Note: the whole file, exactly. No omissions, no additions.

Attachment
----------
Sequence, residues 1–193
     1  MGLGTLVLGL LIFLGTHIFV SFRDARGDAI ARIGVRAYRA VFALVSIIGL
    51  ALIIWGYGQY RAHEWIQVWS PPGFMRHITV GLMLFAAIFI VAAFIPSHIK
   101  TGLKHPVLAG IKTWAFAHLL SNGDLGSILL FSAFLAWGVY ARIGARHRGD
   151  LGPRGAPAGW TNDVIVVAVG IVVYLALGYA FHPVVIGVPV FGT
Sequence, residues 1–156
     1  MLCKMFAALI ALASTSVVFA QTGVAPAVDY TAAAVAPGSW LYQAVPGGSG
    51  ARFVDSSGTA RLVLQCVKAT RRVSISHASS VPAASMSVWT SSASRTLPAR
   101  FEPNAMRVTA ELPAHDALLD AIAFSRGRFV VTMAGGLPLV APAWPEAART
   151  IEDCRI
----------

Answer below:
Sequence, residues 1–193
     1  MGLGTLVLGL LIFLGTHIFV SFRDARGDAI ARIGVRAYRA VFALVSIIGL
    51  ALIIWGYGQY RAHEWIQVWS PPGFMRHITV GLMLFAAIFI VAAFIPSHIK
   101  TGLKHPVLAG IKTWAFAHLL SNGDLGSILL FSAFLAWGVY ARIGARHRGD
   151  LGPRGAPAGW TNDVIVVAVG IVVYLALGYA FHPVVIGVPV FGT
Sequence, residues 1–156
     1  MLCKMFAALI ALASTSVVFA QTGVAPAVDY TAAAVAPGSW LYQAVPGGSG
    51  ARFVDSSGTA RLVLQCVKAT RRVSISHASS VPAASMSVWT SSASRTLPAR
   101  FEPNAMRVTA ELPAHDALLD AIAFSRGRFV VTMAGGLPLV APAWPEAART
   151  IEDCRI